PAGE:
means that I was hired by a company, then sent to a dedicated school, BCIT's Pacific Marine Campus in North Vancouver, where I had structured
formal training for about 4 months every year. Currently, its a little different, you sign up as a Cadet with the school and then you do your
practical time at sea with various companies. Check out the Training Page for further info. 

39. What was the best moment in your career?
There is no particular best moment I can remember. They're are so many, even more that I've forgotten until someone brings it up again over
beers. So there is no answers to this question. As most everyday, something new and sometimes, exciting, happens.

40. Did you ever come across something you couldn't do in your career?
As engineers, most people turn to us for answers and results, generally there is nothing we can't do; and those things are only restricted by
preconceived notions of what should be and accountants.

41. What college degree do most marine engineers have ?
Most Marine Engineers in Canada do not have a degree per se, if they work on a ship. There is a title of Marine Engineers that some people
carry, because they have gone to University, have taken Mechanical Engineering and specialized in marine structures such as wharves, oil rigs,
ship design, etc. Marine Engineers referred to in this website, are operational engineers for the most part. They have taken pretty much the
same basic courses as a Mechanical Engineer, but also have much more hands on courses as well. Ship's engineers do not specifically hold a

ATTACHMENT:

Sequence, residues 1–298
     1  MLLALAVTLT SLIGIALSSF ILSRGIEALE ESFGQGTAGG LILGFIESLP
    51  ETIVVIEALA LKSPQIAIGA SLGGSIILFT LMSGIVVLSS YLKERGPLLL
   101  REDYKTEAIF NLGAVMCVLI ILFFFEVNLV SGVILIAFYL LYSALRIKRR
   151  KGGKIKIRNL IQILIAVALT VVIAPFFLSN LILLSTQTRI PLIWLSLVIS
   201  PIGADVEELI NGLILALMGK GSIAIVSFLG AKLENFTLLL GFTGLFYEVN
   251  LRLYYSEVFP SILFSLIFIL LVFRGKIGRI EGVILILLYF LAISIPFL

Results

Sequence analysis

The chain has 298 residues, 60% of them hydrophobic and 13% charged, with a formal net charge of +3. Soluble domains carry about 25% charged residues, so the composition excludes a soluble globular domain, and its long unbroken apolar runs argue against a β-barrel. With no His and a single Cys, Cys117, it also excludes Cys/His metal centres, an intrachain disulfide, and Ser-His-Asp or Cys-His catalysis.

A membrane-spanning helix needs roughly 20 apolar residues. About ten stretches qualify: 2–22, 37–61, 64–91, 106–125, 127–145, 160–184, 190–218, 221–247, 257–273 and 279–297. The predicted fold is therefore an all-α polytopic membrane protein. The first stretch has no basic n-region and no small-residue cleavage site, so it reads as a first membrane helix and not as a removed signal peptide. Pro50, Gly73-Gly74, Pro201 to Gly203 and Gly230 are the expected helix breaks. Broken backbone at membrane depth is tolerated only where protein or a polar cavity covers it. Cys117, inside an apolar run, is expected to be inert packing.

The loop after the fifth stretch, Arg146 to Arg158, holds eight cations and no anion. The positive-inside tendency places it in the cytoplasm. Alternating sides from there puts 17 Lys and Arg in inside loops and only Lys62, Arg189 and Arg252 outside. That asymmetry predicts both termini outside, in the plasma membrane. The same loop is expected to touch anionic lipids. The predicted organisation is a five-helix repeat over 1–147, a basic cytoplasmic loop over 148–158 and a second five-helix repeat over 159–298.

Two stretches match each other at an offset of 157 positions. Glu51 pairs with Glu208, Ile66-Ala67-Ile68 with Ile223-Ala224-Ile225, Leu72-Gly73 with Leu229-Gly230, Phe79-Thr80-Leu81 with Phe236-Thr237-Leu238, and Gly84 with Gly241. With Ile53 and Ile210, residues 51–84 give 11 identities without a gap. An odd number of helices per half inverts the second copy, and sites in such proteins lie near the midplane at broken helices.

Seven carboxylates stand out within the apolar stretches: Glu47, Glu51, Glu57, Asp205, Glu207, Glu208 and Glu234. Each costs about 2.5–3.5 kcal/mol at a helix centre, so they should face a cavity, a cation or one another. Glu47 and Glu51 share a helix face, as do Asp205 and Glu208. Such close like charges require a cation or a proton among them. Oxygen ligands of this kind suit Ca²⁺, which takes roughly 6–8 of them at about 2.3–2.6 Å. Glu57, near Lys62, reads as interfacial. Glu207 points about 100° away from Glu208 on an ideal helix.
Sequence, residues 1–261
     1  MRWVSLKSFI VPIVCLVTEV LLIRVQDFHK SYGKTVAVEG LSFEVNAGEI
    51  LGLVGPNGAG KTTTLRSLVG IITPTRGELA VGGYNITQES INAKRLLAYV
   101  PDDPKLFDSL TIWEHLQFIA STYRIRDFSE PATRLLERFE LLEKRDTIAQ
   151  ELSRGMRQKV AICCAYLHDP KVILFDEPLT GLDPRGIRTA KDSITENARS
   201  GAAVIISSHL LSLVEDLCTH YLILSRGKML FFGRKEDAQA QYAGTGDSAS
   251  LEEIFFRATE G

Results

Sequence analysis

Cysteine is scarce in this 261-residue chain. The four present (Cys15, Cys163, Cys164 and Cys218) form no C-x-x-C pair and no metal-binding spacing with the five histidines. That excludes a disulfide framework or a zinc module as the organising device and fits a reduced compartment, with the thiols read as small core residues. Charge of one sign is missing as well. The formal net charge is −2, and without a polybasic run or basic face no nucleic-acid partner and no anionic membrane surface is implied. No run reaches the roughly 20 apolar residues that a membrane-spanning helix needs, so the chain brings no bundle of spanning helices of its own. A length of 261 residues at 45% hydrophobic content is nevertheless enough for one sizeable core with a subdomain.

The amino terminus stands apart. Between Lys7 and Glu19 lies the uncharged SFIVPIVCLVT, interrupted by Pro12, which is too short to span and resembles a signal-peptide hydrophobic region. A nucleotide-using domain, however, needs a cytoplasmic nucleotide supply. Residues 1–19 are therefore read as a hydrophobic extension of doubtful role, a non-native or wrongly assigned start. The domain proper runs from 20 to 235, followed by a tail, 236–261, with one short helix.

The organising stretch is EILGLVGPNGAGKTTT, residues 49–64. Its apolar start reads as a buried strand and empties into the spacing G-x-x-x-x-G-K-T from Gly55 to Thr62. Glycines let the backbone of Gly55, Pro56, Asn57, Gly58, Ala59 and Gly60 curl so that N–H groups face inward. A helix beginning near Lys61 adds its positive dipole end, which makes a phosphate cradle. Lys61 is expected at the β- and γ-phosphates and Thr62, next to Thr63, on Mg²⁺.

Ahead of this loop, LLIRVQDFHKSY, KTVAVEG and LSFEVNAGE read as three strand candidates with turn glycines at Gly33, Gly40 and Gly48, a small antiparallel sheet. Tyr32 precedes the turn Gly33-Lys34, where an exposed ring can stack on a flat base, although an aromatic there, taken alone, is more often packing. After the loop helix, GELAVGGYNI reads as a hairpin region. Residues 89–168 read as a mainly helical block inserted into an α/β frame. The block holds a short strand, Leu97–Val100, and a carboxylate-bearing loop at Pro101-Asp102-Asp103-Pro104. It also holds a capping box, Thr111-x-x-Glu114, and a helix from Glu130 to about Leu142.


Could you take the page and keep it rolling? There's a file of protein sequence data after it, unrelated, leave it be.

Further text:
"Degree" but instead hold a "License" or "Certificate of Competency (CoC)" which is issued by high level government agency, and is recognized
internationally. The CoC is what allows persons to claim the title of Officer on a Ship. Some marine university offer "bridging" courses which
will enhance the Officer's training to achieve a "land recognized" University Degree.

Nowadays, new entrant in the field under the Cadet Program are granted a Bachelor of Science degree with the completion of the program.
However, this is still a gray area, and certainly worth investigating, as generally, a shore side position later in life, values these paper
things more than seagoing experience. 

42. What subjects in school would you need to excel at to become a marine engineer?
Physics, calculus, trigonometry, algebra, so on and so forth play a major role in the training, also sciences are pretty important, in

particular Chemistry. Anyone considering any engineering path should feel comfortable challenging these subjects.